A total of 23 individuals were recruited from the Positive Health Program HIV Clinic and 29 individuals were recruited from the REACH Cohort. No participants were excluded due to cognitive impairment. As shown in , the cohort characteristics consisted largely of middle-aged black and white men who had relatively high levels of education. The majority were men who have sex with men and injection drug users, and 69% had undetectable viral load at enrollment. Median follow-up time was 85 (IQR 72–90) days. Data on Med-eMonitor adherence was missing for two participants due to lack of interest in participating after enrollment, and HIV RNA was missing for another participant due to a missed study visit. Complete data was available for all other participants. Additionally, no devices were lost, stolen, or broken. At least one transmission error occurred in all but two participants, and errors consisted of the lack of a detected cradle connection, lack of a dial tone, a modem initialization error, and a busy signal. These errors, however, were typically transient, and a median of 92.4% (IQR 72.8%–98.4%) of data was transmitted daily during the follow-up period.
Cohort characteristics (N=52)
Adherence values are shown in . Median adherence was 97.1% (IQR 99.7–105.5%) for unannounced pill count, 96.8% (IQR 70.2–123.4%) for unadjusted Med-eMonitor, and 89.8% (IQR 77.1–102.5%) for adjusted Med-eMonitor. Unannounced pill count adherence was similar to unadjusted Med-eMonitor adherence, although it trended toward a difference (Wilcoxon signed rank test, p=0.07), and was significantly higher than adjusted Med-eMonitor adherence (p=0.01). Unannounced pill count adherence was not significantly correlated with unadjusted Med-eMonitor adherence (Spearman r=0.20; p=0.17), but was significantly correlated with adjusted Med-eMonitor adherence (r=0.29; p=0.04).
Monthly adherence levels over the three-month study period
provide scatter plots presenting each participant’s three-month average unannounced pill count adherence with his or her three-month average unadjusted and adjusted Med-eMonitor adherence, respectively. The discrepancies seen on the left side of these plots likely indicate non-use of the Med-eMonitor device, whereas discrepancies on the right side likely reflect extra openings without removal of pills (also known as curiosity events). Fewer right-sided discrepancies are seen with the adjusted Med-eMonitor data compared to the unadjusted Med-eMonitor data, as confirmed dosing should remove most curiosity events.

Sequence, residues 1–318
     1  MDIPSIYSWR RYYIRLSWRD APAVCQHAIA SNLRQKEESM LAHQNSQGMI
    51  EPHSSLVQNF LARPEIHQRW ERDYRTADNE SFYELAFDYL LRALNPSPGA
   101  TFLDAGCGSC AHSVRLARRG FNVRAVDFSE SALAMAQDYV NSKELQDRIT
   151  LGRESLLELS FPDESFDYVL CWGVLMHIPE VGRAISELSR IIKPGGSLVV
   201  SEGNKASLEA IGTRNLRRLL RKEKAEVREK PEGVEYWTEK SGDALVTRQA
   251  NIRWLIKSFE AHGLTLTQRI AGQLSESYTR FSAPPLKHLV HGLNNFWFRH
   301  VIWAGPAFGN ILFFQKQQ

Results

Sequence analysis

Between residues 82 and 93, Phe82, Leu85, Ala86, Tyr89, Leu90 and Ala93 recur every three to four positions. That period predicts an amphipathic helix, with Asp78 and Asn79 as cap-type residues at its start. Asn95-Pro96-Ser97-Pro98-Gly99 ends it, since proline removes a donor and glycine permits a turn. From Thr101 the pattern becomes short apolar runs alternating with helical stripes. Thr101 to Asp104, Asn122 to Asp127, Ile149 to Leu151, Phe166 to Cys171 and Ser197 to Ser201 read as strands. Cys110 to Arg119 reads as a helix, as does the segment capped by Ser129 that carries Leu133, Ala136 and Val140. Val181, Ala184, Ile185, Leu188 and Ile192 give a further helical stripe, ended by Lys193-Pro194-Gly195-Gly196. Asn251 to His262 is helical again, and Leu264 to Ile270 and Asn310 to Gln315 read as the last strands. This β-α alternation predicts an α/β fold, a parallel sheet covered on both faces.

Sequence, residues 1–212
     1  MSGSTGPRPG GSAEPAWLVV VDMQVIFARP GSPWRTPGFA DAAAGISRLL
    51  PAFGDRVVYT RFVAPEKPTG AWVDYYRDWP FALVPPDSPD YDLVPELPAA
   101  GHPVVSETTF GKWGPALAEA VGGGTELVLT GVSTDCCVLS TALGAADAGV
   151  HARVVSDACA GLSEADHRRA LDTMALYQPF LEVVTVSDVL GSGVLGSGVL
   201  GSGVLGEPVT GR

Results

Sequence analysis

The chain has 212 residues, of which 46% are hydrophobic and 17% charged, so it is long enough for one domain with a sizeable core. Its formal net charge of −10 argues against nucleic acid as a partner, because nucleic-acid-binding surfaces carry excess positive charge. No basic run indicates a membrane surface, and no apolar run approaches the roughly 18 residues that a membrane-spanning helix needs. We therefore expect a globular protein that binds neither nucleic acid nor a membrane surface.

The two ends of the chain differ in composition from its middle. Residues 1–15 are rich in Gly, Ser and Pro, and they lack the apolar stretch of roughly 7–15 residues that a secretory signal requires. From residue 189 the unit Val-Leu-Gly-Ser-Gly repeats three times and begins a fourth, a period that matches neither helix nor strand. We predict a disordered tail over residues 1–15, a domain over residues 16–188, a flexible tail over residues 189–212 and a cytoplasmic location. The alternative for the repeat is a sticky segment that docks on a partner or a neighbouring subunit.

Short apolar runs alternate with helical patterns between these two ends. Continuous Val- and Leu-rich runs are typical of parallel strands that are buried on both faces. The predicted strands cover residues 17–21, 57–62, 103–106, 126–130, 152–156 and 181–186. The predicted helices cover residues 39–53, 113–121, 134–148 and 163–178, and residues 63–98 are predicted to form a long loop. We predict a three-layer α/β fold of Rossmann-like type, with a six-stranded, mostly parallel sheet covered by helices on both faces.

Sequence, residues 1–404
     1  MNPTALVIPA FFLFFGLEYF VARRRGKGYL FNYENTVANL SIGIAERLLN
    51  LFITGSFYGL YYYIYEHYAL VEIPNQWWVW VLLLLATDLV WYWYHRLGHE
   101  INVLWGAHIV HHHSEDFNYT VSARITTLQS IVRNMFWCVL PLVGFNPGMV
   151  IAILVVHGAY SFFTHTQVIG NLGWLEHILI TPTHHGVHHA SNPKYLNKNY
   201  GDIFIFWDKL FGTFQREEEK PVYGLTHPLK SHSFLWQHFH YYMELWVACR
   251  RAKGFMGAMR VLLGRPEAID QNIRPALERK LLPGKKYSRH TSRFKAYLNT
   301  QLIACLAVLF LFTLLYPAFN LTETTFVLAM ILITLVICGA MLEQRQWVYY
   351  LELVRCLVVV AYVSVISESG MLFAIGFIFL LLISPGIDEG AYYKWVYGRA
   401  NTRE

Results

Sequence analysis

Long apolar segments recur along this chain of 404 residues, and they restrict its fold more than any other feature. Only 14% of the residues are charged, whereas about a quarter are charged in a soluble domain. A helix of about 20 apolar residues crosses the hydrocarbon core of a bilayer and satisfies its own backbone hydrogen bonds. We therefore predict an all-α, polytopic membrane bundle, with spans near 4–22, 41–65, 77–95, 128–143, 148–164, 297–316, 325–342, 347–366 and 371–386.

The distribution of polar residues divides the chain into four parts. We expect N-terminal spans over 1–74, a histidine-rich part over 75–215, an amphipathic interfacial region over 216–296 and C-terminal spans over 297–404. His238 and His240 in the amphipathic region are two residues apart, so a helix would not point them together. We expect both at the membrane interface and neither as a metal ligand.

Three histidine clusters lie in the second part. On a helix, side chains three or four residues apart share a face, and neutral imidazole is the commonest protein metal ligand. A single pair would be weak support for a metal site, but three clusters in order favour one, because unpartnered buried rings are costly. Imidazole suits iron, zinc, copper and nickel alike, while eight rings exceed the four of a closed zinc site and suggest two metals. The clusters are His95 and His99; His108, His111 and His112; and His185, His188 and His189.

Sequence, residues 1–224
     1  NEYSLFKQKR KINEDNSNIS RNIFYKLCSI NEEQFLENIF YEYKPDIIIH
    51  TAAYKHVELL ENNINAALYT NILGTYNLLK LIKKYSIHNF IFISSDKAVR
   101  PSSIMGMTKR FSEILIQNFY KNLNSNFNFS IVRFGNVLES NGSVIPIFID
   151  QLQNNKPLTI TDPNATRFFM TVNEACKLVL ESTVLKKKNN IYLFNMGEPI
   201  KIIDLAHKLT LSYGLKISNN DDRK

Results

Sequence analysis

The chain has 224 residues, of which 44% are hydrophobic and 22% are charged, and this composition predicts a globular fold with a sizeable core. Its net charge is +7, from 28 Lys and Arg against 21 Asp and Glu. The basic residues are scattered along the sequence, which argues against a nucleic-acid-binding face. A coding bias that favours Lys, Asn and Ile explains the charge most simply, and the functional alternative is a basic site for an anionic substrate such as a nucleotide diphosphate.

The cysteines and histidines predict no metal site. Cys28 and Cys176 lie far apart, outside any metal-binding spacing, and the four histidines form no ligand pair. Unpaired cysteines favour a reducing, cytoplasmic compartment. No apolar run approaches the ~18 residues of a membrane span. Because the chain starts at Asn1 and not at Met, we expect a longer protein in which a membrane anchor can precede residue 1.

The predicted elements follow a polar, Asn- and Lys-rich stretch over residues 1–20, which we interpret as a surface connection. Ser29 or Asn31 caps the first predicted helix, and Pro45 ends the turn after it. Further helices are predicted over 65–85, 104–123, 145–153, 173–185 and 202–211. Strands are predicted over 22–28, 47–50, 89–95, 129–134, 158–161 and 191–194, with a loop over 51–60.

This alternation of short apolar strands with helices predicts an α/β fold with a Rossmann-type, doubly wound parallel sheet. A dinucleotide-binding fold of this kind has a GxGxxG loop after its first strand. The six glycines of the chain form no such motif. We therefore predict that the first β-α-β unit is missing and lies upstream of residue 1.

Scatter plots of unannounced pill count versus adjusted (Figure 2a) and unadjusted (Figure 2b) Med-eMonitor adherence. Data from the same participant are aligned vertically and are ordered from lowest to highest unannounced pill count adherence.
Fifty-three percent of participants had one or more interruptions of at least 48 hours according to both unadjusted and adjusted Med-eMonitor data. Among participants with any interruptions of at least 48 hours, the median duration of interruptions was 93.6 (IQR 57.6–151.2) hours for unadjusted data and 103.2 (IQR 67.2–158.4) hours for adjusted data. For the subset of participants who were also in the REACH cohort, the mean adherence level by unannounced pill count was 5% higher in the three months of the study period compared to the prior three months, with this difference nearing statistical significance (91.0% +/− SD 12.4% versus 94.6% +/− SD 7.8%; paired t-test, p=0.06). Median values, however, were more similar (96.0% [IQR 88.9%–99.2%] versus 97.1% (IQR 99.7–105.5%], respectively; Wilcoxon signed rank test, p=0.26).
presents the distribution of adherence by unannounced pill count and unadjusted and adjusted Med-eMonitor, revealing wider variation in both types of Med-eMonitor adherence measurements compared to the unannounced pill count.
Distribution of adherence by unannounced pill count, unadjusted Med-eMonitor and adjusted Med-eMonitor.
The number of participants with viral suppression remained constant during the three-month study period (N=36). HIV RNA suppression was significantly correlated with unannounced pill count adherence (Spearman r=−0.35, p=0.01), trended toward significance with unadjusted Med-eMonitor adherence (r=−0.24; p=0.10), and was not significantly correlated with adjusted Med-eMonitor adherence (r=−0.18, p =0.22).
As shown in , subjects generally found the Med-eMonitor device acceptable and useful; however, not all features were as appealing as others. For example, 79% stated that the device made it easy to remember when to take their pills, while 65% found the chimes annoying. Although not statistically significant, all three adherence measures were associated with a higher likelihood of using the Med-eMonitor again (OR 8.43 for unannounced pill count, p=0.71; OR 4.8 for unadjusted Med-eMonitor, p=0.52; and OR 68.8 for adjusted Med-eMonitor, p=0.29).
Acceptability of the Med-eMonitor device